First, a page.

Duncan Kent describes the various types of lead-acid battery technologies vs Lithium and explains how to add an extra battery to your service bank

With more and more electrical gear going on board the modern cruising yacht there comes a time when the battery bank needs expanding to cope with the rising energy demands.

It’s still quite common for new boats to come with a small engine start battery and an equally minimal capacity service battery – the sort of thing that will only just run a small fridge for 24 hours before it will need recharging. Add to this the occasional use of an electric anchor windlass, lighting, navigation instruments and an autopilot and you’ll be needing to run the engine every six hours or so.

Increasing the capacity of your battery bank will allow you to go longer between charges, or to dig deeper into your reserves if necessary, but there is more to consider than just the cost of an extra battery: it’s vital to consider the method of charging and whether you need to upgrade your shore power charger, alternator or alternative power generators.

How much power do you need?

Before you assume you’ll need more power when adding electrical gear, why not first carry out a thorough audit of your needs. Often a deep review of the energy requirements on board can reveal possible energy savings that might even make it unnecessary to add extra capacity and the associated increase in charging capability.

Understanding capacity

A monitor can help you maintain healthy battery levels for longer battery life

An appropriate time to consider adding another battery is when you’re about to replace the existing one. That way you’ll be starting afresh with all new batteries, which is always the ideal – an older battery can otherwise drag down a new one as it reaches the end of its life.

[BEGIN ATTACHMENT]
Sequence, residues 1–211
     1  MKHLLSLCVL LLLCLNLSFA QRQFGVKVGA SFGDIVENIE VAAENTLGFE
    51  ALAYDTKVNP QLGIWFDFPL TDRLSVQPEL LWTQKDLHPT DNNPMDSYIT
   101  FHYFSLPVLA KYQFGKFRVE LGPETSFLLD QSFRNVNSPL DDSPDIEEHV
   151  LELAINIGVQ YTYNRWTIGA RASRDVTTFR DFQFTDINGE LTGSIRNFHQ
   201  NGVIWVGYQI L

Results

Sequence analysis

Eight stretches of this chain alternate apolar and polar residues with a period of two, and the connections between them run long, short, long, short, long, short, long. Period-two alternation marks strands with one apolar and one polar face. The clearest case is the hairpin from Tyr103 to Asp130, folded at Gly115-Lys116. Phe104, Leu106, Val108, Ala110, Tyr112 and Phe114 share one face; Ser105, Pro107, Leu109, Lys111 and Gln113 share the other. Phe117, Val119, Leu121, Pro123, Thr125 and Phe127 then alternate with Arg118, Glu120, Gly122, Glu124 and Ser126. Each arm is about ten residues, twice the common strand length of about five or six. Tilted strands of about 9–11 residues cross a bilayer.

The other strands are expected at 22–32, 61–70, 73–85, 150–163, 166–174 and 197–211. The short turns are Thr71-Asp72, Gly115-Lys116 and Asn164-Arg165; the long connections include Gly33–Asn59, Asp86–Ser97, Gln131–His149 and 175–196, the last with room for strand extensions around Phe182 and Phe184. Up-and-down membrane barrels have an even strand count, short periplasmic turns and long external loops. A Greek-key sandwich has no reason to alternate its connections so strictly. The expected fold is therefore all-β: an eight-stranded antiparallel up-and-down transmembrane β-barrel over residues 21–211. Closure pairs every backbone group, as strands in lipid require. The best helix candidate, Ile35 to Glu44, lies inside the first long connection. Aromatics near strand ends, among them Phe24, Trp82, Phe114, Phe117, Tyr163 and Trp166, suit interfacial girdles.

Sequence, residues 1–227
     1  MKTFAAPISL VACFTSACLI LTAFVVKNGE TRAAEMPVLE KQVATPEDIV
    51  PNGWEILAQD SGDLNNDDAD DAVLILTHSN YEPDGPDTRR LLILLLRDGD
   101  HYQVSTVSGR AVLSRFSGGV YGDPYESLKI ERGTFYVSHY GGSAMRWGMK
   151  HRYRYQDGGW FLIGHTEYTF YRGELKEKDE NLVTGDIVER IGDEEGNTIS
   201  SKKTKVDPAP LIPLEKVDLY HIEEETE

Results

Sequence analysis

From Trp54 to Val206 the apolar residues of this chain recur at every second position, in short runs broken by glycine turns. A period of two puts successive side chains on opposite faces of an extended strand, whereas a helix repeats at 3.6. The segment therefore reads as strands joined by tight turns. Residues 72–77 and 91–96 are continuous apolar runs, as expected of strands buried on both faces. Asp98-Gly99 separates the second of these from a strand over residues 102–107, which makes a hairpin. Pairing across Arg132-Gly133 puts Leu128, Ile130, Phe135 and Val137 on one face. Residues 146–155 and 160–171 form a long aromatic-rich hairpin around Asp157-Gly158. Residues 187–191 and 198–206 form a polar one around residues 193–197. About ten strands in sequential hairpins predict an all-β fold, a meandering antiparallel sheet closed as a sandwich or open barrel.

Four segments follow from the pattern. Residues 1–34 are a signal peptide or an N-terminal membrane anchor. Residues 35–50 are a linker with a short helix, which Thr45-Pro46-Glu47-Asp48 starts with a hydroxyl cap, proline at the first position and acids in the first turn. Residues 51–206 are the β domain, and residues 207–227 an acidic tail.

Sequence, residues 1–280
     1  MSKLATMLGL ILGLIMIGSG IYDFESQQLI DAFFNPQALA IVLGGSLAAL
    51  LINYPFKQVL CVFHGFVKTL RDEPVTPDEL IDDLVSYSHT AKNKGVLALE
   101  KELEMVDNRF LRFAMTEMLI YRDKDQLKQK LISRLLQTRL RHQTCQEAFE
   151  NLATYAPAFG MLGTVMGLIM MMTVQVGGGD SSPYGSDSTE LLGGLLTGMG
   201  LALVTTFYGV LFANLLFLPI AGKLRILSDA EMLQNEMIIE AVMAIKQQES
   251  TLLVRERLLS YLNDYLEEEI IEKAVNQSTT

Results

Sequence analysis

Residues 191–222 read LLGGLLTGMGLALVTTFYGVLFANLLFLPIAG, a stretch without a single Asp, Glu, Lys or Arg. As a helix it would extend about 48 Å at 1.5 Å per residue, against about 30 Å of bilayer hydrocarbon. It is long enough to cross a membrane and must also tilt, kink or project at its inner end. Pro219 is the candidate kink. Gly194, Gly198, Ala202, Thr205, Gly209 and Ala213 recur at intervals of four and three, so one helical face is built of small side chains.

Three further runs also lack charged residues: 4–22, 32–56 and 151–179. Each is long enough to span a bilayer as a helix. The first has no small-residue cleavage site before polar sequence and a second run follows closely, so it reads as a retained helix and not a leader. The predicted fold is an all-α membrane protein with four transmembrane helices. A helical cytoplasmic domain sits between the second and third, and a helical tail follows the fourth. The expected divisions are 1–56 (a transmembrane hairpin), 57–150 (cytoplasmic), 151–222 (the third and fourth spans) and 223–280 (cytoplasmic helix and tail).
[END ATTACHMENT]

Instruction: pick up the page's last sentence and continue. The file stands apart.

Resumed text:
Also, when installing a two-battery (or more) domestic bank it makes sense to buy batteries of the same capacity. The Ah rating most commonly indicated on leisure or deep-cycle batteries is called its C20 rating and refers to its theoretical capacity when discharged over a 20-hour period.

Engine start batteries have thinner plates for coping with brief high-current surges and are more commonly rated using their Cold Cranking Amps ability (CCA). These aren’t suitable for use in a service bank as they rapidly die if frequently deeply discharged.

The best batteries for domestic use will be labelled ‘deep-cycle’, which means they’ll have thick plates designed to deliver their energy slowly and repeatedly.

Adding an extra battery ‘in parallel’

In a 12V system adding an extra battery is simply a case of mounting it as close as possible to the existing batteries and then connecting in parallel, connecting ‘alike’ terminals (positive to positive, negative to negative) using large diameter cable (usually 70mm² diameter) and properly crimped battery terminals.

Unless you have the tools and some hefty cable hanging around I would suggest you measure up and have the cross-links professionally-made. You could buy a crimper (hydraulic ones are undoubtedly the best) and terminals to do it yourself, but the investment for such a small job will usually be prohibitive.

When connecting two batteries in parallel it’s important to note that the output voltage of the bank will remain the same, but your available capacity (Ah) will increase. There is often confusion with amps and amp hours. Put simply, an amp is a measure of current flow, whereas an amp hour is a measure of current flow every hour. So, in theory a 100Ah (C20) battery could provide a 20A current for five hours before becoming flat. It won’t actually, for a number of complex reasons, but for simplicity I’ll let it stand.